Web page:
Cavendish Mews North is a cobbled cul-de-sac approached through an entrance under a building on Hallam Street. The T-shaped Mews has 9 properties and is similar to Hallam Mews, another original/ surviving Mews in terms of configuration and location.
In World War II a high explosive bomb fell onto Great Portland Street, a fair distance from the Mews. When the London Poverty Maps were published, the area was described as being comfortable with normal household earnings.
Cavendish Mews North is situated to the east of the Harley Street Conservation Area in Westminster. First designated in 1968, the area is now dominated by terraced houses of different periods and different levels of social status. It retains a substantial medical presence, whilst offices predominate to the eastern edges.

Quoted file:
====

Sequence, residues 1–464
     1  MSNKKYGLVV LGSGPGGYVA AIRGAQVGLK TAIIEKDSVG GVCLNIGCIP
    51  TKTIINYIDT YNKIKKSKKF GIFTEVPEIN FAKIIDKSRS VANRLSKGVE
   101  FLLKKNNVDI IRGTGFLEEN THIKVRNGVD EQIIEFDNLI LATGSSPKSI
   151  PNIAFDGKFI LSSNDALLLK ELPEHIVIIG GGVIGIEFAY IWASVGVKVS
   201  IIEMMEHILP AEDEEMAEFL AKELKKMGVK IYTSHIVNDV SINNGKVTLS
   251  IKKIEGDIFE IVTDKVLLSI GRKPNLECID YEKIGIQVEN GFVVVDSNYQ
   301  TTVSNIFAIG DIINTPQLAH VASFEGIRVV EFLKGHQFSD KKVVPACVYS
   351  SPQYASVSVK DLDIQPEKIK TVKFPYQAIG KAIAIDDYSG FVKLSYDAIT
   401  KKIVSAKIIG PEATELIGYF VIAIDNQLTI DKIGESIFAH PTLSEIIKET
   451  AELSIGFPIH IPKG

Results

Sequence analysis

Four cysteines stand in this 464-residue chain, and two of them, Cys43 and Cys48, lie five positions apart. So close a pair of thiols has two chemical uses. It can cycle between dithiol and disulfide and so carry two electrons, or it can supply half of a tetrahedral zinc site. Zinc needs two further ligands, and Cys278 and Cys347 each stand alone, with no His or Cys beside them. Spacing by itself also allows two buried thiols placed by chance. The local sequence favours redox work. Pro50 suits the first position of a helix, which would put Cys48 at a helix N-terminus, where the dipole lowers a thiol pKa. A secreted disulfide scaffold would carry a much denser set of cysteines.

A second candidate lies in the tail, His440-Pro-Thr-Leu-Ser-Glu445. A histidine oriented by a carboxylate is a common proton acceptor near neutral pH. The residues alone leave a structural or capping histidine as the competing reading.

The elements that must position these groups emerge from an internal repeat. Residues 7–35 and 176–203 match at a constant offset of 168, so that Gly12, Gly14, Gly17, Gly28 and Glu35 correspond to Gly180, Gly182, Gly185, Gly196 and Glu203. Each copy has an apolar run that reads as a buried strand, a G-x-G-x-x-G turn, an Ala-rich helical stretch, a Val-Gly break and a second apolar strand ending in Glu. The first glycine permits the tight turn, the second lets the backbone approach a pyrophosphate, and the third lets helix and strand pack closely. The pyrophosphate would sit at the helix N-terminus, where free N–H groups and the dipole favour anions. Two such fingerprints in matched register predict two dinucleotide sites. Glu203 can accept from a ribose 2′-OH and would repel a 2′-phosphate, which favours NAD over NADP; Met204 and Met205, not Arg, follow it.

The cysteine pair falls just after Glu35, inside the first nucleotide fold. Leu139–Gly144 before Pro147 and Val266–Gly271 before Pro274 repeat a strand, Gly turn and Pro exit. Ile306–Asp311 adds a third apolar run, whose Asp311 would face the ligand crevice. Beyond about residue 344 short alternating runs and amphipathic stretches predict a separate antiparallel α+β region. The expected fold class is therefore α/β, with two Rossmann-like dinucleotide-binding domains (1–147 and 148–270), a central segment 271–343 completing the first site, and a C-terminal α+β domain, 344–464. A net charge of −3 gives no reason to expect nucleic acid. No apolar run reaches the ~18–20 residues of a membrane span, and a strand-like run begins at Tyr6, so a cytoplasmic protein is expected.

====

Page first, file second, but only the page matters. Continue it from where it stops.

The buildings are mostly Victorian and mid-late 20th century. Some retain timber garage/ coach doors and many now have mansard roof styles. The mews retains its granite setts and stone bollards.
This Mews for Portland Place originally had the purpose of stable accommodation, but is now used residentially. Before and since 2003 there have been very few planning applications made for alterations to the properties in the Mews, mainly minor changes to the roof style (now mansard). Conservation Area controls now apply to any new development in the Mews.